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Why does exercise reduce falls in older people? Unrecognised contributions to motor control and cognition?
  1. Catherine Sherrington,
  2. Nicholas Henschke
  1. Musculoskeletal Division, The George Institute for Global Health, University of Sydney, Sydney, New South Wales, Australia
  1. Correspondence to A/Professor Catherine Sherrington, Musculoskeletal Division, The George Institute for Global Health, PO Box M201, Missenden Road, Sydney, NSW 2050, Australia; csherrington{at}georgeinstitute.org.au

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Falls in older people are a major public health problem and there is clear evidence that well-designed exercise interventions can prevent falls.1 ,2 Over 100 randomised trials1 of interventions to prevent falls have been undertaken, but more needs to be understood about the mechanisms for effects of interventions, about appropriate interventions to older people with different risk factors for falls, and about population-wide implementation of interventions.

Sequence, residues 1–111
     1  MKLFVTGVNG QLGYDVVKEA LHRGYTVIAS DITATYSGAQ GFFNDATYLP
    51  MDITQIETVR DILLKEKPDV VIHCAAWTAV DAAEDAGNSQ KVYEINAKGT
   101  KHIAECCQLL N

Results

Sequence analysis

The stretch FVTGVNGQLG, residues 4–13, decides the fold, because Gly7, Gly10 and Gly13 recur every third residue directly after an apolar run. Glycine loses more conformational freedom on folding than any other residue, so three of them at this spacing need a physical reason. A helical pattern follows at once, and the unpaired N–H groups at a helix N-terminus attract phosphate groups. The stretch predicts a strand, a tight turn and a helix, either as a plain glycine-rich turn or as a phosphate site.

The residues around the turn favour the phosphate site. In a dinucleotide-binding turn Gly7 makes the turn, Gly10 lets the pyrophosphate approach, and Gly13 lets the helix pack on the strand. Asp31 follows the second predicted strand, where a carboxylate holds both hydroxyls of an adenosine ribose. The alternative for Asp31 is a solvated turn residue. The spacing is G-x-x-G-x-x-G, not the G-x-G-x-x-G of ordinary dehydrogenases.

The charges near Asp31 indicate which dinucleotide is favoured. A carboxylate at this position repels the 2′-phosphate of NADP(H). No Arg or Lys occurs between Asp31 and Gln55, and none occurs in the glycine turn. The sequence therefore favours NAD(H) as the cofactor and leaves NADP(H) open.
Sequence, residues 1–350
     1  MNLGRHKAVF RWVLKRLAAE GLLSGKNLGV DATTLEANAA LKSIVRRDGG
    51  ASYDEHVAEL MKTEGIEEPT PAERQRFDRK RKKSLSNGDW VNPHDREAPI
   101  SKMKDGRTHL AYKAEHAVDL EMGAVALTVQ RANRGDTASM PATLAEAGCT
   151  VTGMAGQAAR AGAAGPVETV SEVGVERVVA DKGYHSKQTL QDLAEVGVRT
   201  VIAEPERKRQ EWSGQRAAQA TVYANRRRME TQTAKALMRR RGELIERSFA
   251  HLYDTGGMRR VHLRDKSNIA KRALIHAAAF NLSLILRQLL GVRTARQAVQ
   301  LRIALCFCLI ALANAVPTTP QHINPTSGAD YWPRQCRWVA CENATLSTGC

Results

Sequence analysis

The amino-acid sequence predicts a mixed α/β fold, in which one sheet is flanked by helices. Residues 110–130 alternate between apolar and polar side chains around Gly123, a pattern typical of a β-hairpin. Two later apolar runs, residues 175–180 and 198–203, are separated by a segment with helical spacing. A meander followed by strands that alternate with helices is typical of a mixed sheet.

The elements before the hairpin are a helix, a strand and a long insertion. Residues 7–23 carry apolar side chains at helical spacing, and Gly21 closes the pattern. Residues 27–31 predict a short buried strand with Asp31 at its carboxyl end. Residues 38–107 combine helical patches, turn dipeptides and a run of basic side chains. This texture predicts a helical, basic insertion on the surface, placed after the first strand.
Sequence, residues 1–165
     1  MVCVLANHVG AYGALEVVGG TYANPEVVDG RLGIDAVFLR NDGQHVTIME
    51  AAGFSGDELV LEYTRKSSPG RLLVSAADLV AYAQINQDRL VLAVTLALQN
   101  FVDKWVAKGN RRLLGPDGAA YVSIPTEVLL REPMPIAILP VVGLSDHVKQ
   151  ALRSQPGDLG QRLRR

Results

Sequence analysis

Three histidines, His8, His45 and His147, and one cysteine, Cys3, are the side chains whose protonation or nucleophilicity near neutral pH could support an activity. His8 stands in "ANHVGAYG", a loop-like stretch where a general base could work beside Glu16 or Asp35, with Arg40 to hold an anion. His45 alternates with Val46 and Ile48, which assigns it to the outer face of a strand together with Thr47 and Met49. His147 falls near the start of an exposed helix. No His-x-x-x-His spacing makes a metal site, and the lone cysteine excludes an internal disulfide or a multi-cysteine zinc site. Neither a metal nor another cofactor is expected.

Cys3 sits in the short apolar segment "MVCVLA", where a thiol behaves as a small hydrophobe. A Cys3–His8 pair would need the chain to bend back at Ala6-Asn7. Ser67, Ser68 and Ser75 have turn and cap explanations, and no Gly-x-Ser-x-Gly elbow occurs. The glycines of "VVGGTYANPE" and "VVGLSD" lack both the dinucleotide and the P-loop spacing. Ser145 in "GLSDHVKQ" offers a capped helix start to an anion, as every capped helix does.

Liu-Ambrose et al3 propose that exercise may prevent falls due to its impact on cognitive function, specifically executive functions and functional plasticity. There is mounting evidence about the role of cognitive factors in falls and about the impact of exercise on cognition.

Central and peripheral neurological changes are also key to exercise-related improvements in strength and balance.

Benefits of resistance training not limited to muscle hypertrophy

The scientific literature concerning mechanisms underlying strength increases through resistance training has focused largely on the role of muscle mass. However, it is increasingly recognised that the gains in strength are due to a combination of both morphological and neurological factors.4 ,5 The primary morphological adaptations are an increase in the cross-sectional area of the whole muscle and individual muscle fibres. Neurological adaptations are essentially …

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